From trudging alongside the father-and-son protagonists of Cormac McCarthy's latest novel to riding shotgun in Mad Max's armor-plated jalopy, there are many ways to travel on the lawless road of humanity's bleak, postapocalyptic future. But why wait for the bomb to drop? A quick trip down Elvis Road, a 24-foot long comic strip by Swiss artists Xavier Robel and Helge Reumann, proves that apocalypse is, indeed, now.
Working at the outer limits of the definition of comics, Robel and Reumann have crammed every inch of their mammoth cartoon with scenes of only slightly exaggerated modern-day chaos and calamity. Imagine Mad's "marginal" artist Sergio Aragones channeling Nostradamus, or Hieronymus Bosch taking over art duties on Where's Waldo?
The cover of Elvis Road bears a pinched oval, a cross between a slot-car track and an infinity symbol, superimposed with a "one way" arrow pointing the reader onward to the accordion-folded comic strip inside. Across the pages, war machines, mad scientists, religious fanatics and random maniacs cut destructive swathes through a dense, banal urban landscape thronged with grimacing pedestrians and plastered with inane advertisements. On one page, a planeload of tourists watches excitedly as dogfighting aircraft explode and rain corpses onto the city below. Elsewhere a pope-like figure summons ghosts from their graves and hundreds of the spirits tumble into a waiting dump truck. Abandoned cars weep and plead for mercy before being pulled apart by junkyard mechanics. Folks get crushed by falling brains or drowned in floods of molasses. A parade of Nazis, complete with a Hitler's-head float, marches across a two-page spread, interrupted in the middle by an opposing parade of buff, long-lashed Tom of Finland models. As tightly packed as these thousands of characters are, they take little notice of one another, each concentrating on their own sliver of the mayhem or else forging ahead along the wreckage-strewn highway that flows through the center of the strip. It's a picture-book history of contemporary civilization penned by an uncomprehending Martian: The details are garbled, but the terrible and darkly funny gist comes through loud and clear.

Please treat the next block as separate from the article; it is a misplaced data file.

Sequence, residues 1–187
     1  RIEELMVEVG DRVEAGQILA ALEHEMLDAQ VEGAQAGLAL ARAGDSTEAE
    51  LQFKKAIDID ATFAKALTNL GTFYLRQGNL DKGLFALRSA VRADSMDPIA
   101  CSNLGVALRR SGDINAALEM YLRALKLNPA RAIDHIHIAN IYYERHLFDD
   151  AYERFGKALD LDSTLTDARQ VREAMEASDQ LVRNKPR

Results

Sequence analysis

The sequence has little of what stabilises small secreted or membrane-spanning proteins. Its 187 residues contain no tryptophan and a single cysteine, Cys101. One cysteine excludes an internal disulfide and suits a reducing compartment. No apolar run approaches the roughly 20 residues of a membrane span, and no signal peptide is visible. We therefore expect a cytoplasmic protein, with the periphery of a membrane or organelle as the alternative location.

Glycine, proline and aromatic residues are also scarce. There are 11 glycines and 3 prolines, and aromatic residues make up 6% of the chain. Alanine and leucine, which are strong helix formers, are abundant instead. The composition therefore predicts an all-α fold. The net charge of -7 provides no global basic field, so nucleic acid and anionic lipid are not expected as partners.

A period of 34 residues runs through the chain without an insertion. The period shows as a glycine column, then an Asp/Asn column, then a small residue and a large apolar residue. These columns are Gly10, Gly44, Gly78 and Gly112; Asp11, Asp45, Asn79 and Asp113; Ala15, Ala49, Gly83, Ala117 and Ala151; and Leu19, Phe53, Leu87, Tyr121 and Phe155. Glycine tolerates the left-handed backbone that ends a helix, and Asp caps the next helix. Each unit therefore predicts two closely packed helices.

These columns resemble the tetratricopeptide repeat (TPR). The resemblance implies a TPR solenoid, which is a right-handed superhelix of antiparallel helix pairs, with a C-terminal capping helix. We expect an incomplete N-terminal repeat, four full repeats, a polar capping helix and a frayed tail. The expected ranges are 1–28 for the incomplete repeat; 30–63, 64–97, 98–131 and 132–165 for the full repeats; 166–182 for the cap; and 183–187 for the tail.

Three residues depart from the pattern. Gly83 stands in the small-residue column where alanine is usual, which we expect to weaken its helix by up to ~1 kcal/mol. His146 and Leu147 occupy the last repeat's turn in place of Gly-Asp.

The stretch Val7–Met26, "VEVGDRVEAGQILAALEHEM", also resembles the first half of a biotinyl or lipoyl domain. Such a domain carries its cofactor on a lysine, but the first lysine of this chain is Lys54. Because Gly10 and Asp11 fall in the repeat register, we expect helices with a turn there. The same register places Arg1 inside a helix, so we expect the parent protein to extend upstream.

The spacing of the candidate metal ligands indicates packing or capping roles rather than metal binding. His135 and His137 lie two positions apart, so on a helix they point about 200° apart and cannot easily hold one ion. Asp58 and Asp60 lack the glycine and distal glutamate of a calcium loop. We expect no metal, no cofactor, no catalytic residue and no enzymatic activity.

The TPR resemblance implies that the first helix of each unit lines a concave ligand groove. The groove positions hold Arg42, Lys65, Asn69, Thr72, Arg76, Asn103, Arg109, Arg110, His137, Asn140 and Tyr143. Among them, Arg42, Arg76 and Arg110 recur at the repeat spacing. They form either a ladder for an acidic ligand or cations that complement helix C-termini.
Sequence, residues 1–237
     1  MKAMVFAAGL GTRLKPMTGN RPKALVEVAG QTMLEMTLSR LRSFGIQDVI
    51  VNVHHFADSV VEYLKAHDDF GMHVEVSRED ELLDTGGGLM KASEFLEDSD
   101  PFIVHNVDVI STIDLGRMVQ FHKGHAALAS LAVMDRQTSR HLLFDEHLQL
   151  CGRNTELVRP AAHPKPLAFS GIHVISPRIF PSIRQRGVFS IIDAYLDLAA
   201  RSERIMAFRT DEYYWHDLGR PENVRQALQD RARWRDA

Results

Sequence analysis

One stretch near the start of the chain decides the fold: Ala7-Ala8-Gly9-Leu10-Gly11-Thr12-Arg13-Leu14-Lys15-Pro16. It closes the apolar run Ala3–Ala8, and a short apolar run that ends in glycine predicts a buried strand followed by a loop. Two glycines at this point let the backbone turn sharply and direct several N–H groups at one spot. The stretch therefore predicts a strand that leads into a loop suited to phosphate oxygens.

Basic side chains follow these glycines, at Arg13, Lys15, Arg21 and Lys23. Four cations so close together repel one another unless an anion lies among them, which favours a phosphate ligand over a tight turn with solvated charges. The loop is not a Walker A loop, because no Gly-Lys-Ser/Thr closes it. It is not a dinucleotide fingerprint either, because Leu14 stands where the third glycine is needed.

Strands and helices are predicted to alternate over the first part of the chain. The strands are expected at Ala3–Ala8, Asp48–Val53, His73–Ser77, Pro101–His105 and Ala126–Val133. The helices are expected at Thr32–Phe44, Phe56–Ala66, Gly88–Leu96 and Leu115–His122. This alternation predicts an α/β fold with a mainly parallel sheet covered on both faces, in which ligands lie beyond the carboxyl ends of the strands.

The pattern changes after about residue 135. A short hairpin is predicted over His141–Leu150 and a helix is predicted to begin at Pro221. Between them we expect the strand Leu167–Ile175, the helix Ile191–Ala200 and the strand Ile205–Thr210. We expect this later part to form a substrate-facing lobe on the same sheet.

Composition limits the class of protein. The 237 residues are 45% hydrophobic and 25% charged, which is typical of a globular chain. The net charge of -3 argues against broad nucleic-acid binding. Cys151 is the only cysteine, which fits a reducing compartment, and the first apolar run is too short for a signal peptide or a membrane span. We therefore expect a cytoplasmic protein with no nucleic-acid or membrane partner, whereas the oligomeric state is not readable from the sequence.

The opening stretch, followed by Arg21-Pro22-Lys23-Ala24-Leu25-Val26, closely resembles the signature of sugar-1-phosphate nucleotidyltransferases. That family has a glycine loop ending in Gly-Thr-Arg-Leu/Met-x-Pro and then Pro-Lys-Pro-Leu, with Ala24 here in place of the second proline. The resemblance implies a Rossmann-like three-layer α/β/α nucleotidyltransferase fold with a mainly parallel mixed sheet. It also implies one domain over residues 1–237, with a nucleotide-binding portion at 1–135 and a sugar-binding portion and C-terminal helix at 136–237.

There's salvation of a sort at the end of this road, though not the kind apocalypse fetishist fans of the Left Behind books imagine. When Jesus shows up on the second-to-last page he almost gets lost in the crowd, despite being 50 feet tall and bleeding. The trumpets are blowing but Big J doesn't look triumphant in fact, he looks ready for re-crucifixion. Ahead of him on the final page, a Disneyworld police state called Cuteland is cleansing humanity of its ugliness, turning everyone, with assembly line efficiency, into grinning, bug-eyed cartoon animals. It's a shiny-happy Armageddon and a pop redemption appropriate to our modern age.
Elvis Road is available at Green Brain Comics, 13210 Michigan Ave., Dearborn; 313-582-9444.
Sean Bieri is Metro Times' design director. Send comments to firstname.lastname@example.org.
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